Landscaped upon the lines of an Arcadian garden, Arno’s Vale was intended to relieve over-crowded graveyards, and provide a picturesque resting place for Bristol’s dead.1 Symonds’ mother, Harriet, was buried at Arnos Vale in 1844. Symonds was around three and a half:
“[My father] sometimes took me with him to her grave. This was in the Arno Vale Cemetery, high up upon a grassy hillside, where harebells and thyme blossomed in the short turf of a down. A plane tree spread its branches over the tomb; and the flat stone which marked her resting place was enclosed by iron railing. My father took jealous care that these railings should be over-rioted with ivy, roses, and clematis, growing in unpruned luxuriance. He wished to withdraw the sacred spot from vulgar eyes. I could not see in side it. It was our custom to pluck leaves from the plane tree and the creepers and to return in silence to the carriage which stood waiting by the gate. These leaves, gathered from my mother’s grave, were almost all I knew about her, all I had of her.”2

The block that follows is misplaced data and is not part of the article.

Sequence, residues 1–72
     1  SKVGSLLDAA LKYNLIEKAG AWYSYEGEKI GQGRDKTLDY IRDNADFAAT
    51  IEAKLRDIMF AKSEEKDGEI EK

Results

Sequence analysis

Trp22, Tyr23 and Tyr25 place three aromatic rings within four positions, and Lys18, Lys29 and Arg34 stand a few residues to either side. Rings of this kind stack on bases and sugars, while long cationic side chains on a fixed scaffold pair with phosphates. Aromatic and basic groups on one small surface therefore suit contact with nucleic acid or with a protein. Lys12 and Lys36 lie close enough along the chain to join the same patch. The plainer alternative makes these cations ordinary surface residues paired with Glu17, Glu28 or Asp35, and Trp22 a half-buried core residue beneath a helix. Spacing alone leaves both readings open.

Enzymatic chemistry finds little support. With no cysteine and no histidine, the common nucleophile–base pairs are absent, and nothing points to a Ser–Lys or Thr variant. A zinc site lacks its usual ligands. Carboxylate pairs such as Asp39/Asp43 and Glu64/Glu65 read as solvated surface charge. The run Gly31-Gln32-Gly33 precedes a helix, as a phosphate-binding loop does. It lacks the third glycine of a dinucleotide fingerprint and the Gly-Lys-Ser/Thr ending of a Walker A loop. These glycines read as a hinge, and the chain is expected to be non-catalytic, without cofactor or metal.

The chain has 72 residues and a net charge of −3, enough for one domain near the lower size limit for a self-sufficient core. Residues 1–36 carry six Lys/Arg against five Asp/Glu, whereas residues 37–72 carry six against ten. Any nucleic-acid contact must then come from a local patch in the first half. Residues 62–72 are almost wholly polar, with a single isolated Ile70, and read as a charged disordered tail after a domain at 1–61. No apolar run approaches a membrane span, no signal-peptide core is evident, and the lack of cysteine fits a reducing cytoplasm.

Symonds’ father, John Addington Symonds MD, was also buried here in 1871.